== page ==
Biographical noteEric Arthur Blair (George Orwell) was born in 1903 in India, where his father worked for the Civil Service. The family moved to England in 1907 and in 1917 Orwell entered Eton, where he contributed regularly to the various college magazines. From 1922 to 1927 he served with the Indian Imperial Police in Burma, an experience that inspired his first novel, Burmese Days (1934). Several years of poverty followed. He lived in Paris for two years before returning to England, where he worked successively as a private tutor, schoolteacher and bookshop assistant, and contributed reviews and articles to a number of periodicals. Down and Out in Paris and London was published in 1933. In 1936 he was commissioned by Victor Gollancz to visit areas of mass unemployment in Lancashire and Yorkshire, and The Road to Wigan Pier (1937) is a powerful description of the poverty he saw there. At the end of 1936 Orwell went to Spain to fight for the Republicans and was wounded. Homage to Catalonia is his account of the civil war. He was admitted to a sanatorium in 1938 and from then on was never fully fit. He spent six months in Morocco and there wrote Coming Up for Air. During the Second World War he served in the Home Guard and worked for the BBC Eastern Service from 1941 to 1943. As literary editor of the Tribune he contributed a regular page of political and literary commentary, and he also wrote for the Observer and later for the Manchester Evening News. His unique political allegory, Animal Farm was published in 1945, and it was this novel, together with Nineteen Eighty-Four (1949), which brought him world-wide fame.George Orwell died in London in January 1950. A few days before, Desmond MacCarthy had sent him a message of greeting in which he wrote: 'You have made an indelible mark on English literature . . . you are among the few memorable writers of your generation.' Main descriptionIntimidated by her father, the rector of Knype Hill, Dorothy performs her submissive roles of dutiful daughter and bullied housekeeper. Her thoughts are taken up with the costumes she is making for the church school play, by the hopelessness of preaching to the poor and by debts she cannot pay in 1930s Depression England. Suddenly her routine shatters and Dorothy finds herself down and out in London. She is wearing silk stockings, has money in her pocket and cannot remember her name. Orwell leads us through a landscape of unemployment, poverty and hunger, where Dorothy's faith is challenged by a social reality that changes her life.
In this collection of eight witty and sharply written essays, Orwell looks at, among others, the joys of spring (even in London), the picture of humanity painted by Gulliver and his travels, and the strange benefit of the doubt that the public permit Salvador Dali. Also included here are a mouth-watering essay on the delights of English Cooking and a shocking account of killing an elephant in Burma.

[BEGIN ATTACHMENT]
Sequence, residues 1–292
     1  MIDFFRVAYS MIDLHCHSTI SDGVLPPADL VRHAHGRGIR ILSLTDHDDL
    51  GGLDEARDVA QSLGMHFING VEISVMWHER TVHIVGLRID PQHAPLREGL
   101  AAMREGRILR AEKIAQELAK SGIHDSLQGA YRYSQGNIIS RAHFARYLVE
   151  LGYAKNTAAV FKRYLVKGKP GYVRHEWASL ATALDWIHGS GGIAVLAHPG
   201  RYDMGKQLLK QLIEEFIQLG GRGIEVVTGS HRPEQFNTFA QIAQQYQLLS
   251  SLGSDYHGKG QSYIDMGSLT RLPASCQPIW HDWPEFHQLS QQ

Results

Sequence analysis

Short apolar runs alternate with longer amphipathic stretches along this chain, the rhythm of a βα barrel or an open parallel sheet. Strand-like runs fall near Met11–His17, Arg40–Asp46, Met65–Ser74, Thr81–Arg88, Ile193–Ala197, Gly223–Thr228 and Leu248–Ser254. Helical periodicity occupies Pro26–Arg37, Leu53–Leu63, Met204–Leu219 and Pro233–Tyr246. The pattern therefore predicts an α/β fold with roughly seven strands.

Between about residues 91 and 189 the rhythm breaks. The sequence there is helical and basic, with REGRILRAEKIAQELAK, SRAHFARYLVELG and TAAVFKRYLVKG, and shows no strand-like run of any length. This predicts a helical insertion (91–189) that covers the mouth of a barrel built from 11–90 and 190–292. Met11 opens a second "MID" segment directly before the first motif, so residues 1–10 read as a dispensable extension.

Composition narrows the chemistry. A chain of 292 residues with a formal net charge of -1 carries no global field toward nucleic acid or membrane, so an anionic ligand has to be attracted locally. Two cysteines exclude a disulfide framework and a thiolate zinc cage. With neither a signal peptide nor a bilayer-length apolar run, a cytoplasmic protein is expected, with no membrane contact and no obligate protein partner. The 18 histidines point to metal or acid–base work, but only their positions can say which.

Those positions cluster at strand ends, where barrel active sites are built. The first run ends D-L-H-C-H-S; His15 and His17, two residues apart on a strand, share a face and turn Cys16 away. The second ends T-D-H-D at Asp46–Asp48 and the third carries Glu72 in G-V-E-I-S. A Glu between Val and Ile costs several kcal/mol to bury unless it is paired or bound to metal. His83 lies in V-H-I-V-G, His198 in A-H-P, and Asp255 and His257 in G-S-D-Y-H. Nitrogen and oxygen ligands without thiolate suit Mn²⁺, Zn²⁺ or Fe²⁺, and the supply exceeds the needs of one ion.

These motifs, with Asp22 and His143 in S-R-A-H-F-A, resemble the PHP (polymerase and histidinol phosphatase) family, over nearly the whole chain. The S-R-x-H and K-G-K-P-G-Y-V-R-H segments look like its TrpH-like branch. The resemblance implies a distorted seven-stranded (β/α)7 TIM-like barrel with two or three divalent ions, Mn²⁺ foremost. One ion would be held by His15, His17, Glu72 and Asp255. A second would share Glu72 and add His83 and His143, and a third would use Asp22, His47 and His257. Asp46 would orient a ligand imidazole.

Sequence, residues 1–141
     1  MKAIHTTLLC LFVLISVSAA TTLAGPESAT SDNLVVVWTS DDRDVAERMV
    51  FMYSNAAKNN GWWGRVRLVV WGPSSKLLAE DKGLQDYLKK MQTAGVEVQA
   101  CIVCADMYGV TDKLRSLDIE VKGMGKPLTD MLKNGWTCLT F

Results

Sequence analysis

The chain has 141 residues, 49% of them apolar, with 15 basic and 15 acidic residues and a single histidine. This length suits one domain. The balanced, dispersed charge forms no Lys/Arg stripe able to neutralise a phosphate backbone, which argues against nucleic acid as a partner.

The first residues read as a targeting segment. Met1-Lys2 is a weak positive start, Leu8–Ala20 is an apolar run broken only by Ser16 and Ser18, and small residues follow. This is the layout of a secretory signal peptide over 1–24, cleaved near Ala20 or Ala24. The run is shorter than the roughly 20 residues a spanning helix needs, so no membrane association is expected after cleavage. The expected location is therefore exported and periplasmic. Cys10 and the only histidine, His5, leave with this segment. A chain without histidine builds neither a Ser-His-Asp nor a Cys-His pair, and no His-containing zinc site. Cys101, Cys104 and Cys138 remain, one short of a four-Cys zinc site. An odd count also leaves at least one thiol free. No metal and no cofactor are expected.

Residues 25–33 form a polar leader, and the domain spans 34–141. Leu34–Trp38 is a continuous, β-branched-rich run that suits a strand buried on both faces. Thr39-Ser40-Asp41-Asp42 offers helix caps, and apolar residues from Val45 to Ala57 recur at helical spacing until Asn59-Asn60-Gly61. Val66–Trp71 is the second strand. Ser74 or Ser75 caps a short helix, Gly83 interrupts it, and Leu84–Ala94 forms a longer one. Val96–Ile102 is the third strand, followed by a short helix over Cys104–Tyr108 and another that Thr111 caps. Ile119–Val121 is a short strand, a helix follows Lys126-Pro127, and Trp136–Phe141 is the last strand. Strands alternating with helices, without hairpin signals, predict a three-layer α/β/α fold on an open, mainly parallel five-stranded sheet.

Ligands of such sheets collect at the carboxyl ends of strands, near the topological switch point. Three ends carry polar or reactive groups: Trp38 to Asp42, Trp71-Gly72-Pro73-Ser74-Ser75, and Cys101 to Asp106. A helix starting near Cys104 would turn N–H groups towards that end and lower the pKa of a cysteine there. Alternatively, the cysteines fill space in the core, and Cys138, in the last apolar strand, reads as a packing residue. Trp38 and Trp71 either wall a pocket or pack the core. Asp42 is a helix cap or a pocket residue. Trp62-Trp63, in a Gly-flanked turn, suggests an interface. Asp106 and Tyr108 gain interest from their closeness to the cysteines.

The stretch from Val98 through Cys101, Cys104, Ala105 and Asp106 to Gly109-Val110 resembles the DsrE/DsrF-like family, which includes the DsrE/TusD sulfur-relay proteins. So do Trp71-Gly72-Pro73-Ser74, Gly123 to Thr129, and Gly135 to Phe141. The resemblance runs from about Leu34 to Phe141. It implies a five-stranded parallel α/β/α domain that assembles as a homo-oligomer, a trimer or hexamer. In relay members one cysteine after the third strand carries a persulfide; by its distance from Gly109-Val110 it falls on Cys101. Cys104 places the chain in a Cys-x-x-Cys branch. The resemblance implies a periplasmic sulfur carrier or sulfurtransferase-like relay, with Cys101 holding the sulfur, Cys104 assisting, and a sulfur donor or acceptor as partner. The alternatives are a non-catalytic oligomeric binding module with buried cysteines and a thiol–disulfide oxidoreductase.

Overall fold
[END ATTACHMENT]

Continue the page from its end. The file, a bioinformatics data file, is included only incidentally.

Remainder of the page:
GREAT IDEAS. Throughout history, some books have changed the world. They have transformed the way we see ourselves - and each other. They have inspired debate, dissent, war and revolution. They have enlightened, outraged, provoked and comforted. They have enriched lives - and destroyed them. Now Penguin brings you the works of the great thinkers, pioneers, radicals and visionaries whose ideas shook civilization and helped make us who we are.
Biographical noteEric Arthur Blair (George Orwell) was born in India in 1903. He was educated at Eton, served with the Indian Imperial Police in Burma, and worked in Britain as a private tutor, schoolteacher, bookshop assistant and journalist. In 1936, Orwell went to fight for the Republicans in the Spanish Civil War and was wounded. In 1938 he was admitted into a sanatorium and from then on was never fully fit. George Orwell died in London in 1950.D. J. Taylor was born in Norwich in 1960. He is a novelist, critic and acclaimed biographer, whose Orwell: The Life won the Whitbread Biography prize in 2003. His most recent books are Kept: A Victorian Mystery (a Publishers Weekly Book of the Year), Bright Young People: The Rise and Fall of a Generation 1918-1940, and the novels Ask Alice and At the Chime of a City Clock. Main descriptionThis is the essential edition of the essential book of modern times, 1984, now annotated for students with an introduction by D. J. Taylor.Ever since its publication in 1949, George Orwell's terrifying vision of a totalitarian regime where Big Brother controls its citizens like 'a boot stamping on a human face' has become a touchstone for human freedom, and one of the most widely-read books in the world. In this new annotated edition Orwell's biographer D. J. Taylor elucidates the full meaning of this timeless satire, explaining contemporary references in the novel, placing it in the context of Orwell's life, elaborating on his extraordinary use of language and explaining the terms such as Newspeak, Doublethink and Room 101 that have become familiar phrases today.